“Garlic is shipped only in the fall-late September or early October, depending on the season. Quantities are limited; order before September 15th for best availability”

    Seed catalogs/ companies can be a great source of info. I picked a garlic type at random for the above. If you have a specific type of garlic in mind try to visit the site and search for it- they have a pretty good selection. I’ve thought of ordering garlic a couple times but always seem to forget until the ordering window passes.

    Thanks for the Red Ti links, I’ll have to check them out. This is new territory for me, I usually keep away from tropical things because of our weather. That being said, I have started thinking more about tropical stuff after the hot summer we had. The Ti roots are getting to where they should probably be put in soil. I will probably cut a piece or two off the branches I have to try to make additional plants. If things work out well I may have a few starters for the next seed swap 🙂

    I have a couple (1 or 2) brown leaves as you described on my small banana plants. When the brown leaves are at the bottom of the plant I don’t worry too much as long as the plant as a whole looks happy. I figure the bottom leaves gradually die off to create the leafless main trunk. I remember reading somewhere that as long as the leaves still have a fair amount of green they should be left on the plant. I don’t like cutting them off, but rather let nature take it’s course and eventually they will dry up to the point they can just be peeled off. I have a suspicion that the browned edges may be from letting the soil dry out too much. It seems they have appeared a couple times after I missed watering them. If you have more than 1 or 2 brown, try to see if the plants are in a draft or too close to a heat duct. I read they don’t like drafts because they tend to be drying to the plant. I believe this since I haven’t seen any water drops on the floor or on any of the leaves in a while. Today I took my bamboo inside because they also get dries out from dry breezes. Cold breezes can be very dry.

    • Revel

      Thanks for the banana leaf pointers. I think I’ve been skimpy on the watering, since I was worried about over-watering them. I do have them out of the way of vents. So what you’re saying is that it’s good to see water on the leaves? I guess I was thinking that meant I was overwatering them…but now I think I was wrong.

  5. Ralph ⋅

    Yesterday I did a little looking around the internet for a source of green sand. I saw it on Amazon but would rather find some local if I can. I got the idea of using sand from a podcast (of cause) called The Family Garden Doctor which I haven’t listened to in some time. He suggested planting your seeds in the ground, but covering them with sand so they have a much easier time getting up and out into the air and sun. Another use for sand he had was to mix very tiny seeds with sand and putting the mix in the ground. It makes it easier to spread the seeds out. If I come across a local place for green sand I’ll post it.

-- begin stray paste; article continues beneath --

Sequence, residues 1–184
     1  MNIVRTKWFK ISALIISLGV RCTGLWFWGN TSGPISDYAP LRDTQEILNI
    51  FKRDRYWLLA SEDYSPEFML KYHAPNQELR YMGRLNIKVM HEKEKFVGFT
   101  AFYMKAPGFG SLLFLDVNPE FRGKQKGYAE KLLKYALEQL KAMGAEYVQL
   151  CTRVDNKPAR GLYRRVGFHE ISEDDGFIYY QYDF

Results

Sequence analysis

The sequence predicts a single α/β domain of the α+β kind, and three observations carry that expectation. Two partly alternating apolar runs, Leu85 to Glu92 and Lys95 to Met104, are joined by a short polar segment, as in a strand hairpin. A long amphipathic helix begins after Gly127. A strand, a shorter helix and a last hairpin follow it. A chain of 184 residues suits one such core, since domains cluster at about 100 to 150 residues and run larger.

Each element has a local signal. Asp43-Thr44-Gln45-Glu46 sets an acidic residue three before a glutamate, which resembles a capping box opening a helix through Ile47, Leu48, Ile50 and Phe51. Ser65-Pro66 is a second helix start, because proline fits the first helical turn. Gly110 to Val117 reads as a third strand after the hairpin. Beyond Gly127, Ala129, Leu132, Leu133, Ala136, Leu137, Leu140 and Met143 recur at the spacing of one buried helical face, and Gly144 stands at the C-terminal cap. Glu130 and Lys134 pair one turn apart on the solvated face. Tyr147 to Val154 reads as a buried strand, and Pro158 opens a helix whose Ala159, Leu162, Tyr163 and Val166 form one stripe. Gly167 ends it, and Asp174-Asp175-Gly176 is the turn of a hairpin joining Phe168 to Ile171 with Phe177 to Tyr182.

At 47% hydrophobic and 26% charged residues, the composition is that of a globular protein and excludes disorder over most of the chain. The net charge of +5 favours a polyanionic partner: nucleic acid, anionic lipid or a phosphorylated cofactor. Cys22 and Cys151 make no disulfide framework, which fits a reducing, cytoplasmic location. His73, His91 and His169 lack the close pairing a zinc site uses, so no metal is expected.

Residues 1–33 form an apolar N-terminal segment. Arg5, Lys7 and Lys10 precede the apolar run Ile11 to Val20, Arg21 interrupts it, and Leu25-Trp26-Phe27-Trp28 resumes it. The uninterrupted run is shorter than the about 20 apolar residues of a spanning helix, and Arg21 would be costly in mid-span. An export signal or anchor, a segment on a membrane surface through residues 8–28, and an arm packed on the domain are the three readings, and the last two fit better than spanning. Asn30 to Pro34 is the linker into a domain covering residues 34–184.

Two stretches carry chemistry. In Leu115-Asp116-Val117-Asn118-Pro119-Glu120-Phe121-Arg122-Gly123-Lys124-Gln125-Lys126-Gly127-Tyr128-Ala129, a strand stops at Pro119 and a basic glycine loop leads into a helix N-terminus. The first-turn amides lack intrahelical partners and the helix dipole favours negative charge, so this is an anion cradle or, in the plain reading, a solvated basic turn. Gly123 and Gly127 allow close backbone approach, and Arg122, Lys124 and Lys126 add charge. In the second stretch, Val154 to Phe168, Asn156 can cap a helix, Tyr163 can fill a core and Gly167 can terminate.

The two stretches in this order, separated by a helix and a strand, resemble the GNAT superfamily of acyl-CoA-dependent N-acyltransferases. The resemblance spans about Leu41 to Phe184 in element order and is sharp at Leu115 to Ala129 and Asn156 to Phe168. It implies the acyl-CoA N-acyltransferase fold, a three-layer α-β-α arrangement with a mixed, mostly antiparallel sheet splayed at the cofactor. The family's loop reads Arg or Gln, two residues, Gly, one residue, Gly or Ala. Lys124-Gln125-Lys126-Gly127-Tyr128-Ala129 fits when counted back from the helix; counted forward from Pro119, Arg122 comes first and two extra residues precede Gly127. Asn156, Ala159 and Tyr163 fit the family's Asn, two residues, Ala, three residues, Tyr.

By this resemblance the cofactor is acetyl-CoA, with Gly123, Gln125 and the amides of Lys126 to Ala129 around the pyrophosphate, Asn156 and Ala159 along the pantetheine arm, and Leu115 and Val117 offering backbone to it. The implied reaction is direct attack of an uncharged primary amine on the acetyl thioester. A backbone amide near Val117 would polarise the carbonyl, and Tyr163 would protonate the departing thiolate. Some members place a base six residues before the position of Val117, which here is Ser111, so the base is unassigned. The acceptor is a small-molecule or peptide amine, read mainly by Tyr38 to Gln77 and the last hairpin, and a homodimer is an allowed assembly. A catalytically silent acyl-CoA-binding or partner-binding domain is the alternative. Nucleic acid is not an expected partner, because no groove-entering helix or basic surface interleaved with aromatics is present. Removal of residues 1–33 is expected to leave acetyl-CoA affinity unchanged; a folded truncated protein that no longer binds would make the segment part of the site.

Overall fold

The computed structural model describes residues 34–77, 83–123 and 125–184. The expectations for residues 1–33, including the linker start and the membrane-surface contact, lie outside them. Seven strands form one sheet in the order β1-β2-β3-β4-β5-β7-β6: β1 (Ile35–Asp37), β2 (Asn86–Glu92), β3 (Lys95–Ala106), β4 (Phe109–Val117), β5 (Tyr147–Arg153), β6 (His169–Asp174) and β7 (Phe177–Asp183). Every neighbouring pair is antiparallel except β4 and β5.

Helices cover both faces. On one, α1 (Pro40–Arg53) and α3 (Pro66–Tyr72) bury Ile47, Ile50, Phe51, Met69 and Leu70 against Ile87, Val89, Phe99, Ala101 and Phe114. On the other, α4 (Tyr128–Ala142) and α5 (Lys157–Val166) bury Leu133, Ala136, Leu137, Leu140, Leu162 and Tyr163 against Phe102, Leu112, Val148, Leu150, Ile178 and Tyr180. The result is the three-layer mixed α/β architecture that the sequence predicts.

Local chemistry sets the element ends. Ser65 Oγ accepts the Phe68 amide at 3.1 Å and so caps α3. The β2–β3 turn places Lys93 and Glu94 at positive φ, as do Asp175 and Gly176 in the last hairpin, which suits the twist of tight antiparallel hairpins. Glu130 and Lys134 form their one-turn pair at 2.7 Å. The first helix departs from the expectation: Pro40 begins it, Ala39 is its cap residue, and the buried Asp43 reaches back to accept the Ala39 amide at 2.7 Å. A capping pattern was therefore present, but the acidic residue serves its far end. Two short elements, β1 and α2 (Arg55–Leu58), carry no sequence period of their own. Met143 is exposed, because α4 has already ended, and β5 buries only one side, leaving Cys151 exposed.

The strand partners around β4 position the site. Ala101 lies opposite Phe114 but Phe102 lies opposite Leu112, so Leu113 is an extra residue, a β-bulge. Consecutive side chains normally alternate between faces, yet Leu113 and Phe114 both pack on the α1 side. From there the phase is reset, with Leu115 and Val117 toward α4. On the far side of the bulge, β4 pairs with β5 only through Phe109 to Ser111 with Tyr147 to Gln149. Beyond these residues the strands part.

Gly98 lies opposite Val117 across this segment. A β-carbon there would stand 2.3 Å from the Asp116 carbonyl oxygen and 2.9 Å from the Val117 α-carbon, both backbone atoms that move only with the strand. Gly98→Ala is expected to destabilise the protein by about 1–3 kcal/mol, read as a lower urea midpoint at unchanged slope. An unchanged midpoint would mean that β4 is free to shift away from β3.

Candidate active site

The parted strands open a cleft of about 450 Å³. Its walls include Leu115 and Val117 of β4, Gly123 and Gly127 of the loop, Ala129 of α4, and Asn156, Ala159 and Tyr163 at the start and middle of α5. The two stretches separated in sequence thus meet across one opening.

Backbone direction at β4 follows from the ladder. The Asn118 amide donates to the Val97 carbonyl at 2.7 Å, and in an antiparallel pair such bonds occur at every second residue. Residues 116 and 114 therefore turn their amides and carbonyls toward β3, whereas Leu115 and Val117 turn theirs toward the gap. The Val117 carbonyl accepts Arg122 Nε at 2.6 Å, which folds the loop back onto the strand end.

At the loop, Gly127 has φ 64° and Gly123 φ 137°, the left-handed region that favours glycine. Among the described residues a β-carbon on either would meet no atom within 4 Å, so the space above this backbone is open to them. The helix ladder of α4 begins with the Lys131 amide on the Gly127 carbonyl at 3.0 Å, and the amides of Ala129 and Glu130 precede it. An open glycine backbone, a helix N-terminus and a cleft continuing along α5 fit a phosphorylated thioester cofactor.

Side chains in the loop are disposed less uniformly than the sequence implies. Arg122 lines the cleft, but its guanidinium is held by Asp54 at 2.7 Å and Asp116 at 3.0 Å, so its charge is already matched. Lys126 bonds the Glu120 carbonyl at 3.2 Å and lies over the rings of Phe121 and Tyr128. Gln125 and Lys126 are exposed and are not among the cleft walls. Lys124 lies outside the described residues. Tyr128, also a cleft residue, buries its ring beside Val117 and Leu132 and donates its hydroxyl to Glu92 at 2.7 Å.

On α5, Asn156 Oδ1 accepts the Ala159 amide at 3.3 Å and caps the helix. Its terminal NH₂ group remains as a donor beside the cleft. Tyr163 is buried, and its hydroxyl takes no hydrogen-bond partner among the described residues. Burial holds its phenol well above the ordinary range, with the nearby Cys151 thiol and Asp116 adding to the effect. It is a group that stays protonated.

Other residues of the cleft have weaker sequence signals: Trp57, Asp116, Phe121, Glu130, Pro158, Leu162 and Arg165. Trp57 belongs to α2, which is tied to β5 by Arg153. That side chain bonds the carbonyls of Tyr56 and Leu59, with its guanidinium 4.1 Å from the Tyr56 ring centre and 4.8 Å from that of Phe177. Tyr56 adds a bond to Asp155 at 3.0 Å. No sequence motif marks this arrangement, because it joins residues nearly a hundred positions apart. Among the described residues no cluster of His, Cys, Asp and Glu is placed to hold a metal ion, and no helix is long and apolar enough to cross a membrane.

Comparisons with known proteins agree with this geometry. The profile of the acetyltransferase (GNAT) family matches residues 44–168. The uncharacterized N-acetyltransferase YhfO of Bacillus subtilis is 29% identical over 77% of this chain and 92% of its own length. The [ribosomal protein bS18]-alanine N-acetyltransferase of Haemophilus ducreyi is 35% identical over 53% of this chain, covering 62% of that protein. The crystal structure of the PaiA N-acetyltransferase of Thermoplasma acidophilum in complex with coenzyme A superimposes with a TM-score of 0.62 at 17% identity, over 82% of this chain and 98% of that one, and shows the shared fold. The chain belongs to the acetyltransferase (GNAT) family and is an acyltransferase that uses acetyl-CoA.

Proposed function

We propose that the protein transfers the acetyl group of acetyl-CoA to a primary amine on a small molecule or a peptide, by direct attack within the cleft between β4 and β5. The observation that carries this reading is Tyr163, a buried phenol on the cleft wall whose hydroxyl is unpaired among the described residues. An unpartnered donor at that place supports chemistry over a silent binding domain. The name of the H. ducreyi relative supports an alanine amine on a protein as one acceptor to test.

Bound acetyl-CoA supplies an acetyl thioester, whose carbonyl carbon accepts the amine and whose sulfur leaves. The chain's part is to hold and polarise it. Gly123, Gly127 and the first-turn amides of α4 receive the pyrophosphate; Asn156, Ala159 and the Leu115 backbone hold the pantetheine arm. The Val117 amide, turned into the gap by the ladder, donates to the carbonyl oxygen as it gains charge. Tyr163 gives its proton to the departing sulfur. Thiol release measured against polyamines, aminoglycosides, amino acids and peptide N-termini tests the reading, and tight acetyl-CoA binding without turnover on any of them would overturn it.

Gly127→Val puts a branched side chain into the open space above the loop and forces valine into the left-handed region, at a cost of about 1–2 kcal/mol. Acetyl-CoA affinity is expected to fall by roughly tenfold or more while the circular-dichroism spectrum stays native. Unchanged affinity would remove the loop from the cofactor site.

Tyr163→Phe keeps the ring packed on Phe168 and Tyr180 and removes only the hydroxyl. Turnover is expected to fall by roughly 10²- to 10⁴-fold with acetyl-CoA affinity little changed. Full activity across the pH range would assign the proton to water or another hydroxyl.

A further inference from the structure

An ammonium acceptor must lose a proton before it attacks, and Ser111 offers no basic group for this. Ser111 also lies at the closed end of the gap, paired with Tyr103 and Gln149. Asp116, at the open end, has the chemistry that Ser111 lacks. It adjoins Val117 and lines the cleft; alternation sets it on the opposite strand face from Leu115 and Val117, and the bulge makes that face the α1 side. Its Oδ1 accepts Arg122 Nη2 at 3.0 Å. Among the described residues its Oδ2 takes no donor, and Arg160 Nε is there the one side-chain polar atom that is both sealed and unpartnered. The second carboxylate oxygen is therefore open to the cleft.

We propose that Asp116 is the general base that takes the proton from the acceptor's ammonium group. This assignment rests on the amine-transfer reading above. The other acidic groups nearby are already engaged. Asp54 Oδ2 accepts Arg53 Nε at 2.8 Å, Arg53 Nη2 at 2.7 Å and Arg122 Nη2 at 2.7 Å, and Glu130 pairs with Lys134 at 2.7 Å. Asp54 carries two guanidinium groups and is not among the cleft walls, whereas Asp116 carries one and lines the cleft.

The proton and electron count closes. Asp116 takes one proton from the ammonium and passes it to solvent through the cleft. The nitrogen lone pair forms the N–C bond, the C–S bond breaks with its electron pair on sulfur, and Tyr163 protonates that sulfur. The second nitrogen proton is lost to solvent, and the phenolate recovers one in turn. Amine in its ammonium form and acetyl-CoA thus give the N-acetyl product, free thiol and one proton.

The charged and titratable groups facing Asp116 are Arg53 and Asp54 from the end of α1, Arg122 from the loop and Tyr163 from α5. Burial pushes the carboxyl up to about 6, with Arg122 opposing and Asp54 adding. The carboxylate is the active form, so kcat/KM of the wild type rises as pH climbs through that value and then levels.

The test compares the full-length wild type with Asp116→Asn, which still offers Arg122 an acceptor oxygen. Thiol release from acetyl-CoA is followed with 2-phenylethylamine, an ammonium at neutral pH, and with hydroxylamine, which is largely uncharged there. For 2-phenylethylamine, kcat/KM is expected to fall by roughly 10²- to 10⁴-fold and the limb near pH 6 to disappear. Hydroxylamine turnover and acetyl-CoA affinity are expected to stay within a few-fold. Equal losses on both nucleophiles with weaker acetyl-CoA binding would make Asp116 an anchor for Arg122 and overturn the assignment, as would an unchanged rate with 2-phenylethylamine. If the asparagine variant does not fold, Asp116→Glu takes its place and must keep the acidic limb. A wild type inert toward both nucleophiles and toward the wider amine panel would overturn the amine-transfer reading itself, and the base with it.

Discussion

6. Ralph ⋅

    Almost forgot, The Old Farmer’s Almanac website has a couple podcasts you can subscribe to.

  7. Ralph ⋅

    I’ve actually subscribed to The Old Farmers Almanac for a couple years now because I would either forget about the new issues or would have to go looking for a copy to buy. The subscription is nice, but you wind up paying nearly twice the price for the book, plus a pocket sized calendar/ datebook.

    I’ve gone to lightly touching the top of the soil to estimate wetness on the bananas. Mine haven’t dripped water for a while now, probably because of the low humidity in winter. If it feels cooler than room temp the soil is moist. None of this is an exact science so it’s a kind of try and see what works thing. For my cacti which are in small containers I simply pick them up and see how heavy they are. When they feel light I give them some water. The cacti seem to agree with the weight method. They are ‘plump’ not wrinkled so they are getting enough water.

    I put one Red Ti branch with roots (from being in water a couple weeks) into soil vertically. Eventually it should start growing leaves or branches. I also cut a few inches off the top and put it horizontally into some moist soil. I’ll see how it does in a couple weeks. From what I read the horizontal method should produce multiple plants along it’s length.The roots on the remaining branches still in water are starting to get long and will need to go into soil soon.

  8. Ralph ⋅

    The Old Farmers Almanac- a great book packed full of all kinds of information. If anyone else reads it what do you use it for?

    The weather section is something I use. Not 100% accurate (neither are the weather forecasts on TV or radio), I use it to pick vacation weeks at work. It’s become my secret weapon to avoid taking off a week only to be trapped inside and watching it rain.

    I also use the astronomy section to keep track of meteor showers. Recently many showers have been ruined by clouds, but not all. I usually follow up the meteor shower dates with a quick look back at the weather section to get an idea what viewing may be like.

    As the name suggests, there’s a lot of gardening information. When to plant, how to care for herbs, &c. A couple issues back there was a good article on using cover crops. If anyone hasn’t checked it out, for about $7 pick up the new issue, or give it a ‘test drive’ in your local book store.

  9. Ralph ⋅

    Every now and then I hear about using Epsom Salt in the garden. I did a little research and got side tracked for quite a while on the topic- not so much the garden uses but for the human benefits. Check the links on the page for both uses :
    http://www.epsomsaltcouncil.org/garden/
    Tomatoes, peppers, and roses are specifically mentioned as being helped by Epsom Salt.

    While reading I found another link at:
    http://www.pallensmith.com/articles/marge-says-from-kitchen-to-garden
    Things in your kitchen with alternative uses in the garden are listed, some to repel ‘pest’ animals.

    A few short videos can be found at:

    Has anyone used, or heard of using Epsom Salt in the garden?